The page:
In the process of monitoring the weekly chart for any potential breakout, I also apply Fibonacci retracement to the swing Low move. That means applying the Fibonacci drawing tool from the highest High to the lowest Low. I then look to see if there is any price action concentration, in the form of prior Support or Resistance levels, near to either the 50% of 61.8% Fibonacci level. Fibonacci levels are widely used by traders and analysts and so they end up being more of a guide of herd mentality rather than any magical tool and the 50% and 61.8% levels are two of the more popular levels with traders.

I very often find that there will be an area of prior Support / Resistance near to the 61.8% Fibonacci level of these swing Low moves and this becomes the area I target for any bullish breakout move. Note, on the chart in Figure 3 above, how the 61.8% Fibonacci level aligns with a previous Support / Resistance zone near $6. This would be the first major target for any bullish breakout move on FMG. The second level would be the previous High, or the 100% Fibonacci level.

 

The chart in Figure 5 below shows that there was an eventual bullish breakout on FMG in early February 2019.

Figure 5: The new breakout on FMG

 

The chart in Figure 6 below shows that FMG rallied and reached the 61.8% Fibonacci target of $6 by February 2nd 2019 and so I will now be watching for any test of the 100% Fibonacci level, near $7.50.

 

Figure 5: the breakout move on FMG has reached the weekly 61.8% Fibonacci level.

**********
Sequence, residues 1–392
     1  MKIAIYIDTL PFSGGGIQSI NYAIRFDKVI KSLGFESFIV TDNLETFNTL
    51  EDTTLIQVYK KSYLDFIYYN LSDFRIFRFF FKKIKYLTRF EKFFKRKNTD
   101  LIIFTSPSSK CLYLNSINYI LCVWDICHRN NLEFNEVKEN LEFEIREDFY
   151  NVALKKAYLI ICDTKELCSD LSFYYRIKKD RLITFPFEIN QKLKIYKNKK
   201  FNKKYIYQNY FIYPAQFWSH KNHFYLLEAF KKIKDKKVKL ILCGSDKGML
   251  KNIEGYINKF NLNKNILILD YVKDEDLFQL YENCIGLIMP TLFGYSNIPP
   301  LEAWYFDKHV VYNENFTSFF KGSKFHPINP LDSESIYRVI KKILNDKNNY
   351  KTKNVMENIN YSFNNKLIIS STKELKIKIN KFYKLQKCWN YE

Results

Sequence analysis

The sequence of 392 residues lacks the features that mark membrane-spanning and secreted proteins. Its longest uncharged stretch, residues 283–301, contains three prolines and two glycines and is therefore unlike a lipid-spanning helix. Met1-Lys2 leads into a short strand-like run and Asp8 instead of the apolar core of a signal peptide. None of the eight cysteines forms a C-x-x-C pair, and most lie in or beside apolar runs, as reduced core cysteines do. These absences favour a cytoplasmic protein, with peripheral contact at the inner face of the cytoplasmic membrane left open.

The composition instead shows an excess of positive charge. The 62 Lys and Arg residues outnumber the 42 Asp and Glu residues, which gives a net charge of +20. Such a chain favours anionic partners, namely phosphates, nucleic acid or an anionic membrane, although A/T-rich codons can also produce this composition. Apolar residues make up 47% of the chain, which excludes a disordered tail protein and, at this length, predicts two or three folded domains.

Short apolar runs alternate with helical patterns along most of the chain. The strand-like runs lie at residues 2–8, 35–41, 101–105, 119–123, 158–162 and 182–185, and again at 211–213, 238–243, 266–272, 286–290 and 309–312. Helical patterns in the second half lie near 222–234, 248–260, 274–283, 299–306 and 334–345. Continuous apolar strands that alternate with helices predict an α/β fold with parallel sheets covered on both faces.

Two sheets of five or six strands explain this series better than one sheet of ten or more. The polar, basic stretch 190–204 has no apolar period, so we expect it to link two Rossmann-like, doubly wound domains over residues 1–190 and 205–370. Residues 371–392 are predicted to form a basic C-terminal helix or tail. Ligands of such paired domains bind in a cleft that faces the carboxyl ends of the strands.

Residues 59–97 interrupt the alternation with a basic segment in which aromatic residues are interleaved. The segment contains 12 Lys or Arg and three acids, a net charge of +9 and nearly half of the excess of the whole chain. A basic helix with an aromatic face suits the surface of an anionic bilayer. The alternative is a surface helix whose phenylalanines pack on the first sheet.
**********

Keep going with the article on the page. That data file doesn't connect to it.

Example 2: EBAY.nasdaq

 

EBAY is an American NASDAQ stock but it, too, has recently broken out from a Descending Wedge pattern. The chart in Figure 6 below shows the Descending Wedge setting up prior to the January 2019 breakout. The nearest whole-number level closest to the 61.8% Fibonacci level is $40 and that is would be the target for any breakout move on EBAY.

 

Figure 6: EBAY setting up in a Descending Wedge

 

Price action rallied after the January 2019 breakout rather quickly to reach the target of the 61.8% Fibonacci level by early March 2019; as shown in Figure 7 below.

 

Figure 7: EBAY breaking out from the Descending Wedge

 

Example 3: Marvel Technology Group: MRVL.nasdaq

Marvel Technology went on a bullish run from January 2016 until March of 2018. Price action subsequently pulled back and the chart below shows that this pullback reached down to near the 61.8% Fibonacci of this swing High move. This price action also started to shape up in a Descending Wedge as the stock pulled back from March 2018 until January 2019 and this was noted in a post on my blog that was published on January 6th and Tweeted about on the same day:

 

Figure 8: MRVL setting up in a Descending Wedge

 

There was a Descending Wedge breakout in early January 2019 as shown in Figure 9 below:

Figure 9: MRVL breaking out from the Descending Wedge